Any car that can handle well can be driven quite quickly by a good driver. The idea is that you don’t need to slow down as much for corners, which increases your overall pace. Good brakes allow you to begin slowing down later, giving you the ability to pass other cars during corner entry (hopefully on a closed track). On the street, having a car with good handling usually means that you can safely hold a highway pace on twisting back roads when there’s no other traffic (just try not to pass a policeman while doing so because he won’t think it is safe).

I remember this one time, while out in my old Miata, I came across a guy driving his Porsche 911. Our speeds picked up, and he was clearly trying to leave me in his dust. He pulled away on the straights, but by the exit of each corner I was right on his bumper again – he was never able to lose me. There’s a big difference between knowing how to drive and just having a fast car, and it’s a lot of fun seeing the looks of disbelief.

In terms of straight line acceleration, “fast” is entirely relative to your surroundings. Generally, on the street, anything that will do 0-60 in under 7 seconds and the 1/4 mile in under 15 seconds is quicker than 90% of the other vehicles on the road, so that is my loose definition of what is “fast” for a street car. Many of you reading this may have much higher standards, but overall, I feel my definition is realistic on the total scale of the real world.

Top-end speed is another story. As is said earlier, every new car on sale today can reach 100mph, but if you get rid of the most frugal econo-boxes, it’s safe to say that most cars will do 120mph. Going 120mph on public roads is pretty thrilling in any type of car, but it will also get you arrested in most places. Contextually, 120mph is quite fast when the highest posted speed limit in the USA is 85mph. But that is only just scratching the surface for many cars these days. More and more cars seem to be crossing the 300hp mark, and most of them can top 140mph flat-out.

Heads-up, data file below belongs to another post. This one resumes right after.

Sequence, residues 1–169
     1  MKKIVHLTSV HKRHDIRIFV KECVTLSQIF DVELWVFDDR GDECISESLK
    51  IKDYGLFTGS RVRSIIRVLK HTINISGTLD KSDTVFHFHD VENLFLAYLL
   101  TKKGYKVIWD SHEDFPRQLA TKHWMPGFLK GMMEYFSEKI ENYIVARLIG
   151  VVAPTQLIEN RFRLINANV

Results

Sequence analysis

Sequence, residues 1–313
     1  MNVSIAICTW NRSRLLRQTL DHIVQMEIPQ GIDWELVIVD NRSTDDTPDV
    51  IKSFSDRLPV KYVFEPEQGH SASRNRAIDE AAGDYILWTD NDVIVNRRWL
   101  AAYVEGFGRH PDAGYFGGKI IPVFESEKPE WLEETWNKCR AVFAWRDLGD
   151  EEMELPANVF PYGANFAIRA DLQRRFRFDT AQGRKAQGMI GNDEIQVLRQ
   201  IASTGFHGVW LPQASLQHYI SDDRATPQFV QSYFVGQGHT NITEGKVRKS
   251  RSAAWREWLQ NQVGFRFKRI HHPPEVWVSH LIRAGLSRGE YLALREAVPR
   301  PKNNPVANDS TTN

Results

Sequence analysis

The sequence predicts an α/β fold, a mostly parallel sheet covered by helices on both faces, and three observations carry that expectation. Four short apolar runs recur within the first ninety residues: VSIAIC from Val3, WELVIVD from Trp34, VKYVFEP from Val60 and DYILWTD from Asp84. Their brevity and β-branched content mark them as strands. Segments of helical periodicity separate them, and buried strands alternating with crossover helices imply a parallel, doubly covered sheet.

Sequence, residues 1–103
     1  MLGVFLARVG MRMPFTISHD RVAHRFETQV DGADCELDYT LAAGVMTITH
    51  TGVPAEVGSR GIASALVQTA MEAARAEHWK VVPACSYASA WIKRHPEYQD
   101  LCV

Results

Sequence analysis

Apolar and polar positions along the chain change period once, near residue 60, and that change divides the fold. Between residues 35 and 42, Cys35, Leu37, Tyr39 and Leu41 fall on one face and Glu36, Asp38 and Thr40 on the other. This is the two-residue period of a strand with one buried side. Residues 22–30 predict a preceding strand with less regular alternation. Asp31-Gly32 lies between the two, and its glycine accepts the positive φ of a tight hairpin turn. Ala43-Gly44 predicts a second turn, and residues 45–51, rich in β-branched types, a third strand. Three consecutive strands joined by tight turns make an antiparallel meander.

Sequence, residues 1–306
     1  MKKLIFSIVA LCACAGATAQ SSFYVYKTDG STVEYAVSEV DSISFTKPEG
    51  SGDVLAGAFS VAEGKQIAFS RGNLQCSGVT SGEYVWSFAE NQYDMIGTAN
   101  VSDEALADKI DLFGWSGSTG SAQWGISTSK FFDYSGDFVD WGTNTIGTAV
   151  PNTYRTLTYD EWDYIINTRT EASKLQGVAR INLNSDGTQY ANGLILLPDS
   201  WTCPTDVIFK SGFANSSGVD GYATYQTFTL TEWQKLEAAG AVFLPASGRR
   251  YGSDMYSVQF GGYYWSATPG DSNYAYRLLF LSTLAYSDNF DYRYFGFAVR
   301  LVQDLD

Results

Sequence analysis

This bone-stock Infiniti G37 (330hp) for instance:

Keep in mind that less than 20 years ago a Porsche 911, with its slippery aerodynamics, could reach nearly 180mph with 300hp. You don’t need a ton of horsepower to go quite fast, so realize just how insane these modern supercars with 600, 700, or even 1000hp+ have gotten. The laws of physics haven’t changed, and the fact that more, and more cars are topping the 300hp mark these days does not make it any less potent than it was in the past.

So “fast” is really relative to your own experience and ability for driving in a given situation. This is why different types of racing have regulations on the cars to keep things competitive for the drivers. However, most people live in the real world and only drive on public roads. An individual’s ability as a driver is the number one factor in how “fast” they are at getting from point A to point B, regardless of what car they drive. That said, it is a lot easier to be faster when you have a car with higher performance abilities. Things have gone a bit crazy in the last decade or so, and there are more “fast” cars on the roads now than ever before, most of which are not even sports cars. Driving “fast” on the road is a lot of fun, but please, my beloved readers, be smart out there, and don’t take idiotic risks.

-Article by Nick Walker

3 thoughts on “How Fast Is “Fast?””

  1. By my definitions,

    ‘Speed’ is just an absolute measure, i.e 40mph

    ‘Fast’ is a relative measure, i.e. 40mph is fast if you are in a 30mph speed limit or on a narrow country lane where you could legally do 60mph if you were stupid enough to do so, but 40mph isn’t fast on a Motorway where the limit is 70mph.

    ‘Quick’ is probably the term that excites us most, i.e. how quickly can a car get from 0-100mph.


  2. Like the old saying, “It’s not how fast you drive, it’s how you drive fast.” I haven’t taken my 1991 MR2 to the track, but I enjoy not having to slow down much for corners and thereby leaving other cars behind.


  3. Enjoyed the article! You’re right, its a combination of smart and able driving and the capability of the car. Not to mention driver perceptions!